Yemeni farmers, armed with knowledge rather than weapons
War or no war, Yemenis are bringing their best effort to rebuild their economy and climb out of poverty and unemployment. But that is not easy to pull off when the war-torn Arab country is constantly hunted by the shadow of political crisis and conflicts. At times, Yemenis find it difficult to float up to the surface and gasp a mouthful of air.
Out of 27 million Yemenis, 2 million are displaced and 17 million are considered as food insecure. To turn the wheel of fortune, they turned to farming. But they are struggling to find the financial resources and the know-how to plant the very first seed of their businesses. Our Agri-Business Creation (ABC) programme is meant to support these infant businesses not only financially but also through offering trainings.
One of these trainings took place very recently, to train Yemeni entrepreneurs to become mentors and enable them to pass on their knowledge to the next generation of farmers. 250 candidates applied, out of which 30 were selected to attend the trainings along with applicants from relevant international and local organisations.
Asking the right questions is the key
Ebtesam Al Mohammedi is a trainer/entrepreneur who decided to participate in the programme to polish on her skills. She enrolled, hoping to learn new methods and gain modern tools of mentoring: “It was a great chance for me to learn more. In fact, I realized I did not know some basic concepts such as the difference between mentoring and consulting. Now I know that a mentor should know how to support young businesses by asking the right critical questions and should be able to create a suitable bed for knowledge sharing.”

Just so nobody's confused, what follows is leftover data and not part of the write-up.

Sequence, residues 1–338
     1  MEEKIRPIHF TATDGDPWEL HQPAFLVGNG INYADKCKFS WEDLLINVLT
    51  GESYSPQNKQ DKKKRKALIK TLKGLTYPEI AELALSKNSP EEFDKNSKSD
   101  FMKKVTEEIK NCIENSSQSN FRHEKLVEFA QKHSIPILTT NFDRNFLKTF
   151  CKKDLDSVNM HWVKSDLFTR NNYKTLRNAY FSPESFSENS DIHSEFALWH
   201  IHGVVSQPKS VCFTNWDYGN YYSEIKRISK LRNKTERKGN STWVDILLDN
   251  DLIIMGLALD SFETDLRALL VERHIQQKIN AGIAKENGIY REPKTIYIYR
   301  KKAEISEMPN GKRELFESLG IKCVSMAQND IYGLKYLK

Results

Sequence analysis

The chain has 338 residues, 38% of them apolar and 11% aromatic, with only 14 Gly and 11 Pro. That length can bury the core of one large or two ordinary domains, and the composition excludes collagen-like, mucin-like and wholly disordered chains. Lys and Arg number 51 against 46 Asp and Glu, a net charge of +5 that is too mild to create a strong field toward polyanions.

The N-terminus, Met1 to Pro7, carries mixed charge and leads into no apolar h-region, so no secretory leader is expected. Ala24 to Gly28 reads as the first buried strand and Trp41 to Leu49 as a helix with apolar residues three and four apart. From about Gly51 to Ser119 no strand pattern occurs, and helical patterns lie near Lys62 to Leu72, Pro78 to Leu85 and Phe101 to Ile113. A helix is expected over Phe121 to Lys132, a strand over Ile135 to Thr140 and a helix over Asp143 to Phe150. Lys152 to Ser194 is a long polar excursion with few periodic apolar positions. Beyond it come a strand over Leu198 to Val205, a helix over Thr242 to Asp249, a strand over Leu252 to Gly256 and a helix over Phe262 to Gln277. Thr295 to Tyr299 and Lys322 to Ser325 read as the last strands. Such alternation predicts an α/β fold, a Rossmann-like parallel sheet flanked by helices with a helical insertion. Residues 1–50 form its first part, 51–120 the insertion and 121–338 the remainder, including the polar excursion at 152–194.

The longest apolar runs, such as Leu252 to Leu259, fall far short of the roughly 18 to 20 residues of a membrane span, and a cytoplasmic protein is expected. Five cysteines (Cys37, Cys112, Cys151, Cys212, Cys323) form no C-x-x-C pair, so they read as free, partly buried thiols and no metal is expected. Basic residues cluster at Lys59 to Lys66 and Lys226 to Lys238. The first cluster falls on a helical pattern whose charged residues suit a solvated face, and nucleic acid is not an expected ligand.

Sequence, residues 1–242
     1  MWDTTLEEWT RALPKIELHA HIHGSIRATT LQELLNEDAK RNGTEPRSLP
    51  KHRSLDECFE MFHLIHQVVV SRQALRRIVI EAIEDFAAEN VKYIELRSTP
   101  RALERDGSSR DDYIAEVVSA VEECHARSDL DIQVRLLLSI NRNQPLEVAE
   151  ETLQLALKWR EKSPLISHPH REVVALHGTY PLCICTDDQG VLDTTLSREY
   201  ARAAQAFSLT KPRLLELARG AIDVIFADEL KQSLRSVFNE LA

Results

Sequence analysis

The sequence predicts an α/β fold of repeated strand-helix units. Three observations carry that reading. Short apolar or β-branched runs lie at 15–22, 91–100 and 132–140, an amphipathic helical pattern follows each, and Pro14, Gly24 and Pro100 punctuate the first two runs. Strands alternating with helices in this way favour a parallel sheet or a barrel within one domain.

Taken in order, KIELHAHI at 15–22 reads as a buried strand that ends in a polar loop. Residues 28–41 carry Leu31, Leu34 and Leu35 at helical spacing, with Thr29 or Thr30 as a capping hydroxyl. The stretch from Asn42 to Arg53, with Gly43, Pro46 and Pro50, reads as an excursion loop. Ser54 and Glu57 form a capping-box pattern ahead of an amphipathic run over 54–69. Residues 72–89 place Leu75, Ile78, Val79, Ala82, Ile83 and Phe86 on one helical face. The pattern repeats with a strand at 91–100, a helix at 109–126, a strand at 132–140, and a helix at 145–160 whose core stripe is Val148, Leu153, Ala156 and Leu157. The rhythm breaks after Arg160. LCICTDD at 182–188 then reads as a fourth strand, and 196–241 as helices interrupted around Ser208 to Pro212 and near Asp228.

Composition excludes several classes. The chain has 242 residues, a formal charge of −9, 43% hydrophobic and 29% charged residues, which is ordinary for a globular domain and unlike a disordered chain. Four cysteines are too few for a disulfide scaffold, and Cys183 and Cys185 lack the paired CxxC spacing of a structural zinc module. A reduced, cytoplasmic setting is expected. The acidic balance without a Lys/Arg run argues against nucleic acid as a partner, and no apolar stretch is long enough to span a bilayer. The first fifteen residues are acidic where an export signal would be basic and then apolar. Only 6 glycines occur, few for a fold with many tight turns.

A four-legged chair for Yemeni mentors to sit on
The programme had four props: the introduction, basics, tools and workshops, all designed with the purpose of developing an integrated system that will authorize mentors to teach other entrepreneurs. The event was packed with interactive sessions and fruitful discussions. Inspiring mini-lectures were delivered and brainstorming sessions brought everyone to the group tables, where they eagerly shared thoughts and ideas. Some educational games were also designed to help internalize the lessons learned. But the role play definitely outdid any other activity in terms of excitement, fun and attendance. The attendees had to take turns to play different business roles.
just a toolkit away from success
During this programme, SPARK introduced a toolkit that can help the next generation mentors effectively transfer their knowledge and expertise to young Yemeni businesses and help them sustain in the fragile state of Yemen. “It took a team of Yemeni and Syrian experts, six months to design the toolkit which is now considered to be the first of its kind in Yemen. It is designed to provide mentors with necessary mentoring tools and help them pass it on to the next generations. It can be used by other NGOs in order to achieve an integrated mentoring system and authorization process”, explained Firas Deeb, the Country Manager at SPARK Yemen.